jocamlc, but compiles faster.  jocamlc.opt  is  not  available  in  all
       installations of JoCaml.


       The following command-line options are recognized by jocamlc(1).

       -a     Build  a  library (.cma file) with the object files (.cmo files)
              given on the command line,  instead  of  linking  them  into  an
              executable  file. The name of the library can be set with the -o
              option. The default name is library.cma.

       -c     Compile only. Suppress the linking  phase  of  the  compilation.
              Source  code  files  are  turned  into  compiled  files,  but no
              executable file is produced. This option is  useful  to  compile
              modules separately.

       -cclib -llibname
              Pass  the  -llibname  option  to  the  C  linker when linking in
              ‘‘custom runtime’’ mode (see the -custom  option).  This  causes
              the given C library to be linked with the program.

       -ccopt Pass the given option to the C compiler and linker, when linking
              in  ‘‘custom  runtime’’  mode  (see  the  -custom  option).  For
              instance,  -ccopt  -L  dir  causes  the C linker to search for C
              libraries in directory dir.

              Link in ‘‘custom runtime’’ mode. In the  default  linking  mode,
              the  linker  produces  bytecode  that is intended to be executed
              with the shared runtime system,  jocamlrun(1).   In  the  custom
              runtime  mode,  the linker produces an output file that contains
              both the runtime system and the bytecode for  the  program.  The
              resulting  file is larger, but it can be executed directly, even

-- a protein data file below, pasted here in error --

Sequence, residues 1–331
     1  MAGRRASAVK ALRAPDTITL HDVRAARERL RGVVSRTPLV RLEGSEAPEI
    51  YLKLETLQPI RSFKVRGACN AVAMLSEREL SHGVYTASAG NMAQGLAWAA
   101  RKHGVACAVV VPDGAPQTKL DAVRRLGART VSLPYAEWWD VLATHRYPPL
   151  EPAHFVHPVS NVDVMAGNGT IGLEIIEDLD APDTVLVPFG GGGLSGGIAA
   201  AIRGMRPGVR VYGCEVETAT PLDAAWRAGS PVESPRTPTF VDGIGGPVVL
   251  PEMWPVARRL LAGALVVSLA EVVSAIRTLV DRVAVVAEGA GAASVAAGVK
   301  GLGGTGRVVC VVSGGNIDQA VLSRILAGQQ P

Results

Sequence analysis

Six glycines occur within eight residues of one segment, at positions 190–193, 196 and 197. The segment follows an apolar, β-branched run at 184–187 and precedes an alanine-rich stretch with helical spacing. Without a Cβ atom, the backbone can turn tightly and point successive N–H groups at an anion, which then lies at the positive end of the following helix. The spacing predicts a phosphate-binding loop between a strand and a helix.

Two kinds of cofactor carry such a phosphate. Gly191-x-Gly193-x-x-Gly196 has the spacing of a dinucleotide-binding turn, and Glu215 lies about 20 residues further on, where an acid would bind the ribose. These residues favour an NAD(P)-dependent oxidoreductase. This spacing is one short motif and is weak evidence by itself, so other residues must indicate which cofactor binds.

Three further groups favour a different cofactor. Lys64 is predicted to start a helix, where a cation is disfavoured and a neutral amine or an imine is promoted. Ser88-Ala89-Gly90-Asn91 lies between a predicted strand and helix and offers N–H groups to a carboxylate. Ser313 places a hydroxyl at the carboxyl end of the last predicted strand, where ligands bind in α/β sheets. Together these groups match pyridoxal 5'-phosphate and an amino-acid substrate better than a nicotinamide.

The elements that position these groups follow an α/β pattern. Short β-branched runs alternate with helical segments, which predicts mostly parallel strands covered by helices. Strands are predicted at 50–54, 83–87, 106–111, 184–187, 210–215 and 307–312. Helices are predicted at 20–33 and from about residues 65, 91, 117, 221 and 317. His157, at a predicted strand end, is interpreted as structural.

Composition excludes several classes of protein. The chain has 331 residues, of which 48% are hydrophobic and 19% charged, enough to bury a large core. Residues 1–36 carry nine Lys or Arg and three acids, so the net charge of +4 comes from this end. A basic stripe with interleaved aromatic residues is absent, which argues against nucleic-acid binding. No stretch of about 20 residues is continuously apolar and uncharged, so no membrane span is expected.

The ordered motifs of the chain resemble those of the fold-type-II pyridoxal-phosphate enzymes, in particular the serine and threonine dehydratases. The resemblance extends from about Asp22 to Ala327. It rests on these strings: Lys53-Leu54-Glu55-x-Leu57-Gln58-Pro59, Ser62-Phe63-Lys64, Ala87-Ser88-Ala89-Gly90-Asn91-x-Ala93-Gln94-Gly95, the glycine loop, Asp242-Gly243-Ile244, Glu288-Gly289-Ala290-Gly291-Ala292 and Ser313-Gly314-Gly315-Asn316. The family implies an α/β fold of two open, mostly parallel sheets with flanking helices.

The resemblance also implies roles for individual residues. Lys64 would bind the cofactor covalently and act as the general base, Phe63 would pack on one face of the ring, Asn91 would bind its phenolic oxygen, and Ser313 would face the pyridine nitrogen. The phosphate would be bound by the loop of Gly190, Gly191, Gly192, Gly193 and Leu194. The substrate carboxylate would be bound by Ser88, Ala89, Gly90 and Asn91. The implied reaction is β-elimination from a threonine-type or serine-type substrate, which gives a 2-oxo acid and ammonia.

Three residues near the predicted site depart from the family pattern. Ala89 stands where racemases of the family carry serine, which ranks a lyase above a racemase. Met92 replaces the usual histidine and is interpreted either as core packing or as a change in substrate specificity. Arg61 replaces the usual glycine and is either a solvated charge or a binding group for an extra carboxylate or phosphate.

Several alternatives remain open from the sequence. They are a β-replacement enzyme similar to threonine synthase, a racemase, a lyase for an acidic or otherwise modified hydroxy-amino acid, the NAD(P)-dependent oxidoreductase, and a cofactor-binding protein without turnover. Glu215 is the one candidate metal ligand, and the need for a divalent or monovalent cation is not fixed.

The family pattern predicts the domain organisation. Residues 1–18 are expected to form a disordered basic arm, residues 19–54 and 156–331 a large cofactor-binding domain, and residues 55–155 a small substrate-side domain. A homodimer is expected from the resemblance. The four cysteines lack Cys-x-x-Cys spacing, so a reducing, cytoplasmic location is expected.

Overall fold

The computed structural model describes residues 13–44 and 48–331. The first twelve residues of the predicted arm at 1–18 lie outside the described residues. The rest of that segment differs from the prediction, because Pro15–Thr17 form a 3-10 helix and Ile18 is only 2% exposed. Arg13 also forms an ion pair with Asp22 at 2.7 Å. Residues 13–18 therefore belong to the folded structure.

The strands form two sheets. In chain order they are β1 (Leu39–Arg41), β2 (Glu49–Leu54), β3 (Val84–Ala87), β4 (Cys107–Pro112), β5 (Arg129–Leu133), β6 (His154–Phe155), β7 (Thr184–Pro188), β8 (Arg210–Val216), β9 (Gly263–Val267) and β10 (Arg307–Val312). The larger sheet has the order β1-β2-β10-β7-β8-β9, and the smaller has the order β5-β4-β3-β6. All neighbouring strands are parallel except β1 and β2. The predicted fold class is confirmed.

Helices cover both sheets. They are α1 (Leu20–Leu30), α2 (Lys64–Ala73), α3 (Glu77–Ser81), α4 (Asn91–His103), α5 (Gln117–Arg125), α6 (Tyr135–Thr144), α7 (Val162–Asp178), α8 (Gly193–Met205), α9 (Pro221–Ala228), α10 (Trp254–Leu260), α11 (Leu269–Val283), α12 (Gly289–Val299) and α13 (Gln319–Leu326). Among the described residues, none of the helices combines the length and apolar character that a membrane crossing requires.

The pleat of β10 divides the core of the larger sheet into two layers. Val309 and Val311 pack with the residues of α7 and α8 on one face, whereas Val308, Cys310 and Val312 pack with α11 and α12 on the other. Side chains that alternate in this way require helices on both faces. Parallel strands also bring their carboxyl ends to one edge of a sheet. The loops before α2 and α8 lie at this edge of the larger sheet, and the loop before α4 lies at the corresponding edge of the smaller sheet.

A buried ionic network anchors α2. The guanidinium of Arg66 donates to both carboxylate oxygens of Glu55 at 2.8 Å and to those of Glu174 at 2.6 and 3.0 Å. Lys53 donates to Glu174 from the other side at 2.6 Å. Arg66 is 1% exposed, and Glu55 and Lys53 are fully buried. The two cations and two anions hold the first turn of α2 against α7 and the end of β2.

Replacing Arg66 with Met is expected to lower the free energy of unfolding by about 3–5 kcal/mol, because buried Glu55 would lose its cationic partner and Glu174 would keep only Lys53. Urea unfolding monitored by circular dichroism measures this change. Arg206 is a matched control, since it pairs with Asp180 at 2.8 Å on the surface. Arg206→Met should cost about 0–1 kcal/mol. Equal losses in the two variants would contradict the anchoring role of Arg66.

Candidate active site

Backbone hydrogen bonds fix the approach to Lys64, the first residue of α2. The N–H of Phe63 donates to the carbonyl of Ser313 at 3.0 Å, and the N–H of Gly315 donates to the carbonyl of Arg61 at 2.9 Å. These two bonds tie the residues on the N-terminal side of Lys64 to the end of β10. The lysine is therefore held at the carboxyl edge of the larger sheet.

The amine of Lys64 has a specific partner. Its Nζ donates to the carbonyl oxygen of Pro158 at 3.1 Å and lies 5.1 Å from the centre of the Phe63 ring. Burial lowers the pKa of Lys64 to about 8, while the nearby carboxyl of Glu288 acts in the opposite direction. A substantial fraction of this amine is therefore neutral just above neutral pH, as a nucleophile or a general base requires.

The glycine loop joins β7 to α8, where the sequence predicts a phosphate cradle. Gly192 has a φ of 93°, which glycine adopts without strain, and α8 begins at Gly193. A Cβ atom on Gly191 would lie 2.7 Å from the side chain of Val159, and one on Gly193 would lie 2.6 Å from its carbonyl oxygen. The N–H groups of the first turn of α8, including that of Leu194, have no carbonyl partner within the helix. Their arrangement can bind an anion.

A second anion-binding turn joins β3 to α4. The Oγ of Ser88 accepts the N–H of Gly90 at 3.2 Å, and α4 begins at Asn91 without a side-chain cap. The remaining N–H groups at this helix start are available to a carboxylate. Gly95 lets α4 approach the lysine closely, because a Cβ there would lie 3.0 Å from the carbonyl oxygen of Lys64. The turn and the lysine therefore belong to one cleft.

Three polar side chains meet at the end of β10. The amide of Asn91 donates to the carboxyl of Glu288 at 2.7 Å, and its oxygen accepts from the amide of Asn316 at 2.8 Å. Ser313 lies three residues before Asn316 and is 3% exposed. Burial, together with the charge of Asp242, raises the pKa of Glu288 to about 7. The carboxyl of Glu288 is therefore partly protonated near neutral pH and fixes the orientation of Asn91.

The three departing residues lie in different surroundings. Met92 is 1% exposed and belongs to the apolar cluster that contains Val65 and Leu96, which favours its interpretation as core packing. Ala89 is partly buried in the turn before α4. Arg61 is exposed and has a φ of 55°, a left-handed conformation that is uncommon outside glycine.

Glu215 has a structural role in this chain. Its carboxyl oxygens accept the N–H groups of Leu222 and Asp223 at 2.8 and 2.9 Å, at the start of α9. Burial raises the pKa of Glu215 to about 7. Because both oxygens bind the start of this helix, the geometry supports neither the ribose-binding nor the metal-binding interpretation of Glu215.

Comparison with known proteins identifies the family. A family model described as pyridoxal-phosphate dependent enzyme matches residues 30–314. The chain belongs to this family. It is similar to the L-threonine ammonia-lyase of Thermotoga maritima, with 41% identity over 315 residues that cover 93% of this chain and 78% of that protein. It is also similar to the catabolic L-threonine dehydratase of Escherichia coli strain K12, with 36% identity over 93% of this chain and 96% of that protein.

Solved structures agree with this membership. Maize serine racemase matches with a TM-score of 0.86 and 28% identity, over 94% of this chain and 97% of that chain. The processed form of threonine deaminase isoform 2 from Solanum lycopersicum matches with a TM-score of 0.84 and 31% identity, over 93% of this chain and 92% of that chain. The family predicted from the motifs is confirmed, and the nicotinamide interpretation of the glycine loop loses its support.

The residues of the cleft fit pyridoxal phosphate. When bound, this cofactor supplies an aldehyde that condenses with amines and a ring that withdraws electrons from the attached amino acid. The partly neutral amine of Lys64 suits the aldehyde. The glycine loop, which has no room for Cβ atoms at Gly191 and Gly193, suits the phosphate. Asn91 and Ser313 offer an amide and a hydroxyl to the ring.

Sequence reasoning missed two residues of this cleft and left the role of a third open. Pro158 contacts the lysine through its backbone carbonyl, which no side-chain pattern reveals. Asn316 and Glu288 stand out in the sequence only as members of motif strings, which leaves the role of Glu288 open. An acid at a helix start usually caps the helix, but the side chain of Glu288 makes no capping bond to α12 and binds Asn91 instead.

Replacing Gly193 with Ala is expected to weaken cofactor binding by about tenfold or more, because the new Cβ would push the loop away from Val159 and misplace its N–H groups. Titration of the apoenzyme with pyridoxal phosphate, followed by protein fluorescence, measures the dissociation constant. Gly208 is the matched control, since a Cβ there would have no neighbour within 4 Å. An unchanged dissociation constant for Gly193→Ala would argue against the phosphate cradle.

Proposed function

if the jocamlrun(1) command  is  not  installed.  Moreover,  the
              ‘‘custom  runtime’’  mode  enables  linking Caml code with user-
              defined C functions.

       -i     Cause the compiler  to  print  all  defined  names  (with  their
              inferred   types   or   their  definitions)  when  compiling  an
              implementation (.ml file). This can be useful to check the types
              inferred  by  the  compiler.  Also, since the output follows the
              syntax of  interfaces,  it  can  help  in  writing  an  explicit
              interface  (.mli  file)  for  a file: just redirect the standard
              output of the compiler to a .mli file, and  edit  that  file  to
              remove all declarations of unexported names.

       -I directory
              Add  the given directory to the list of directories searched for
              compiled interface files (.cmi) and compiled object  code  files
              (.cmo).  By  default,  the  current directory is searched first,
              then the standard library directory. Directories added  with  -I
              are  searched after the current directory, in the order in which
              they were given on the command line,  but  before  the  standard
              library directory.

       -o exec-file
              Specify  the name of the output file produced by the linker. The
              default  output  name  is  a.out,  in  keeping  with  the   Unix
              tradition.  If  the  -a option is given, specify the name of the
              library produced.

       -v     Print the version number of the compiler.

              Turn bound checking off on array and string accesses (the  v.(i)
              and  s.[i]  constructs).  Programs  compiled  with  -unsafe  are
              therefore slightly faster, but unsafe: anything  can  happen  if
              the program accesses an array or string outside of its bounds.


       jocaml(1), jocamlrun(1).
       The Objective Caml users manual, chapter "Batch compilation".